Two Volunteer Firefighters Arrested For Burning Down Amish Furniture Shop

Two volunteer firefighters have been charged with arson in the burning of an Amish furniture shop in Pennsylvania.

The community in question is Smicksburg (Indiana County), one of the larger settlements in the state. Byler’s Custom Built Aspen Log Furniture burned down in a fire back in January.

This was one of four Amish business fires which I noted at the time had happened in a span of about two weeks.

Image: WPXI

I have to admit when I saw “volunteer firefighters” and “Pennsylvania” in the headline, I feared that this might be a case of Amish youth gone wrong. Young Amish people frequently volunteer in fire companies particularly in Lancaster County.

But going by the last names, it seems these are non-Amish suspects – two men ages 19 and 22.

One of them admitted to the pair throwing a Molotov cocktail through the building of Roman Byler’s shop to set the blaze which rapidly “gutted” the business.

Their fire company, Plumville Volunteer Fire Department, ended up responding to that blaze.

There are also 11 other “suspicious” fires in the area dating back to summer of 2018, which authorities are investigating in relation to this case. The WPXI video report gives detail on the case, with comments from State Trooper Clifford Greenfield.

Hard to know what is going on here. You have to wonder what’s going on in someone’s head when a person whose responsibility it is to protect the community from fires, goes about intentionally setting them.

I have heard of some people setting fires and then swooping in to save the day in a falsely-generated hero scenario. Perhaps that is what is happening here.

Fortunately there was no loss of life or injuries. But this is pretty serious business, especially if the pair are responsible for serial arson in this community.

Trooper Greenfield urges support for members of the fire department: “Our local firefighters are going through a really tough time right now. They’re putting their lives on the line, taking away time from their jobs, from their families, to risk their safety for us.”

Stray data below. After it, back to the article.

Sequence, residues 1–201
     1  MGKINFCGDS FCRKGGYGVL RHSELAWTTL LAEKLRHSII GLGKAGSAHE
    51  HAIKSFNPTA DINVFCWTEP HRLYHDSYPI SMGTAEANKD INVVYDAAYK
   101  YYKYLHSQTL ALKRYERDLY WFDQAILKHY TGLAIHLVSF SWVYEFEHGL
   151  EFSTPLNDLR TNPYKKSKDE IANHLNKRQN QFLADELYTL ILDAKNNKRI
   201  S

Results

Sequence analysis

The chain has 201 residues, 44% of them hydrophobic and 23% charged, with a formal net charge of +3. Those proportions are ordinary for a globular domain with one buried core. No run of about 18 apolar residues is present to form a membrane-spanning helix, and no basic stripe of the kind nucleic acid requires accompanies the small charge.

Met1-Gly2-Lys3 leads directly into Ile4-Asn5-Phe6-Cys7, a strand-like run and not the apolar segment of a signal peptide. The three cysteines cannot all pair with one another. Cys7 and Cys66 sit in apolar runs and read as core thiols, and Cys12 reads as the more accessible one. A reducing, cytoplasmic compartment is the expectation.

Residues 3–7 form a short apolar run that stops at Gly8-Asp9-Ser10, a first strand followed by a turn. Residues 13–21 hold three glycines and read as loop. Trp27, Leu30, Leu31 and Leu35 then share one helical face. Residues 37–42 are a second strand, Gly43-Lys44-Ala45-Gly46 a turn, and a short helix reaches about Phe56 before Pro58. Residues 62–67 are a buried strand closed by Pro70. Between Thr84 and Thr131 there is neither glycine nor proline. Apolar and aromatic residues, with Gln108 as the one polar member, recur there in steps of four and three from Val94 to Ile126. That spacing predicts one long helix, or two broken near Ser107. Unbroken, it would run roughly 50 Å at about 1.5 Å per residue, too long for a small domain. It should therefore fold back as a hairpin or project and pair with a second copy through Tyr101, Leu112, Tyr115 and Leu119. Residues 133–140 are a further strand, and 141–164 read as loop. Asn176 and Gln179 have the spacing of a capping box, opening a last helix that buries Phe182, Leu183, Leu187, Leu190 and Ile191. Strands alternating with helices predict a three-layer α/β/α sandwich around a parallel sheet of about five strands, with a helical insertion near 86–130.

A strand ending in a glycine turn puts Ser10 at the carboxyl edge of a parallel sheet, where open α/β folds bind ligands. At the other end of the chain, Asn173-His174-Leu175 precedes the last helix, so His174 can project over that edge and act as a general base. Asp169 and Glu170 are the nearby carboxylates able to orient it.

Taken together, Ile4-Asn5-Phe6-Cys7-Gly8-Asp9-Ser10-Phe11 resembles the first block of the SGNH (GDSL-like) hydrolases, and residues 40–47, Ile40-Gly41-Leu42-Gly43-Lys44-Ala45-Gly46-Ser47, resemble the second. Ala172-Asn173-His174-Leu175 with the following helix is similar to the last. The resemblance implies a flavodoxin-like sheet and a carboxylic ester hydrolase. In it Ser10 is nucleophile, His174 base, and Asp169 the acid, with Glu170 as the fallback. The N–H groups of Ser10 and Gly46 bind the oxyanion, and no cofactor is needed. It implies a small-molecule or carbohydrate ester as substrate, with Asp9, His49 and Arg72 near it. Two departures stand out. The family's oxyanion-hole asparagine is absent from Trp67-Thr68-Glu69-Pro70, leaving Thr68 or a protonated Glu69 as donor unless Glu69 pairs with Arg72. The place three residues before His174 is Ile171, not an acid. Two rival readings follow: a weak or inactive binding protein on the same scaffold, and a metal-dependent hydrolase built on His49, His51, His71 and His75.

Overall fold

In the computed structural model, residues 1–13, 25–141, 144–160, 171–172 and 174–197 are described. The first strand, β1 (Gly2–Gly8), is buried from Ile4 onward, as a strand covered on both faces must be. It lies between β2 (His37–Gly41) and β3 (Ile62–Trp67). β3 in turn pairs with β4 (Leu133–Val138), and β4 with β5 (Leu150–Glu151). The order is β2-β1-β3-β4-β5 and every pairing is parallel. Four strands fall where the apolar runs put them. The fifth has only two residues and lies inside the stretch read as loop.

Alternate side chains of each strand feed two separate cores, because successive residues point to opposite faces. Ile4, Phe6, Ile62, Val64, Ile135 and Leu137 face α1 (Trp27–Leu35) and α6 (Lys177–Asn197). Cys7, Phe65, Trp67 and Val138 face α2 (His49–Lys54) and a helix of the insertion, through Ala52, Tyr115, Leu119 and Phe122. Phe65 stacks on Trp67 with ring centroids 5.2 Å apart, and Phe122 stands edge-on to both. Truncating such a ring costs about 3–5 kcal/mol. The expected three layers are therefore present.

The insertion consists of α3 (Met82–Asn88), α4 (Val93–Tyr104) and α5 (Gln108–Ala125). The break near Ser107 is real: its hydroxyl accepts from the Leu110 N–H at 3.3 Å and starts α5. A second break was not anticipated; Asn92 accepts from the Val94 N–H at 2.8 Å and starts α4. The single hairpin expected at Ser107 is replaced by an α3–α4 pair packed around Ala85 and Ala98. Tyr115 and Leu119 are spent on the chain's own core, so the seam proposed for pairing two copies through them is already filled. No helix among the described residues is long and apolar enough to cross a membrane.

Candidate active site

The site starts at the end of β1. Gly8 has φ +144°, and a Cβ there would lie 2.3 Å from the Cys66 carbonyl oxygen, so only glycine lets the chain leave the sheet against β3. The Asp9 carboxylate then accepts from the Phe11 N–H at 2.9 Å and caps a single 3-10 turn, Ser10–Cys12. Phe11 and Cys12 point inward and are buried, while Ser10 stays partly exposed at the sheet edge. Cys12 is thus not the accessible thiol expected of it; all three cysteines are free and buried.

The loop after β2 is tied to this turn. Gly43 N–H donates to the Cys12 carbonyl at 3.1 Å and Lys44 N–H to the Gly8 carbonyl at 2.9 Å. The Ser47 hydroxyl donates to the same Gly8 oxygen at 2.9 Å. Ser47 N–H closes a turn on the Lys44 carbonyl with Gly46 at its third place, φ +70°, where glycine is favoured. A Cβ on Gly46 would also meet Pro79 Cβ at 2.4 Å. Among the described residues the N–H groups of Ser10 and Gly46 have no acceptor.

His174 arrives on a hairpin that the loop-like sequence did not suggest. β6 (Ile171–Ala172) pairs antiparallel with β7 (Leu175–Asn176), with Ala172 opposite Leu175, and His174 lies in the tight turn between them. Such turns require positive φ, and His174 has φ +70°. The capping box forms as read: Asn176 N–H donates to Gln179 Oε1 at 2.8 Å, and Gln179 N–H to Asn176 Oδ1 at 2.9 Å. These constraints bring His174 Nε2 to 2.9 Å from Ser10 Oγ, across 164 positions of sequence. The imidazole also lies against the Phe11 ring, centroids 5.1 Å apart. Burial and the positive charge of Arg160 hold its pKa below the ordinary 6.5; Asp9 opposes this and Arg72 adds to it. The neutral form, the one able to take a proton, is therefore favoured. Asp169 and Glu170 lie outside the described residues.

Unsurprisingly, Roman Byler bounced back – seemingly just a bit slower than the fire which claimed his workshop.

After only about a month had passed, he had already rebuilt the shop, and is back to business.

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    9 Comments

    1. Donald

      Hmmm!

      Are you kidding me? Just to look heroic? WOW!

      1. Well, I don’t think anyone knows if that was the motivation for sure in this case. As I wrote it in the post, that was just my speculation based on other previous incident(s) I’d heard of. Jon below suggests another similar example.

    2. Debbie

      Disgusting

      That is a really horrible thing to do & I hope they are held financially liable. I don’t think Amish carry insurance.

      1. Donald Harris

        Hmmm

        I don’t think they do either. They don’t believe in social security or anything like that either

    3. Jon

      Not All That Unusual....Sometimes

      Not long ago an “expert” in arson was convicted in California for arson when it was discovered that he was starting fires. Not surprisingly, he seemed to be present during these fires and was hailed as a hero for discovering/fighting these same fires.
      Sound familiar?
      The Amish probably wouldn’t fight fires for the adulation it brings, they would do it simply because it was necessary.

    4. Margaret

      Despicable

      I hope they are permanently blocked from ever working with ANY fire department again. Volunteer or otherwise. Once a firebug ALWAYS a firebug. There is NO redemption. Perhaps not the Christian attitude…but they could easily escalate to far worse.

      Lock ‘em up and toss the key.

      1. Jon

        Reply to "Despicable".

        Not to worry, once these two are convicted they will never be allowed to work another fire or police department, ever.
        The problem here is that IF these guys were seeking something other than professional adulation they could continue setting fires until they are permanently incarcerated or dead (often in a fire).

      2. I forgot about that term “firebug”. To me it just doesn’t seem to fit the act – it sounds so much lighter and less serious than “arsonist”, almost like it’s a playful game. But that’s one thing I appreciate about the English language. Rich vocabulary. Anyway to your point, I would doubt they’d ever be able to qualify for a public protection position again with this on their record (as Jon suggests as well).

    5. Brianna Wojciechowicz

      It happens more than you think

      We had a few of our young volunteer firemen around here pull the same crap. Its like they get board or something and want to fight fires but can’t wait for one to happen so they make it happen. Smdh.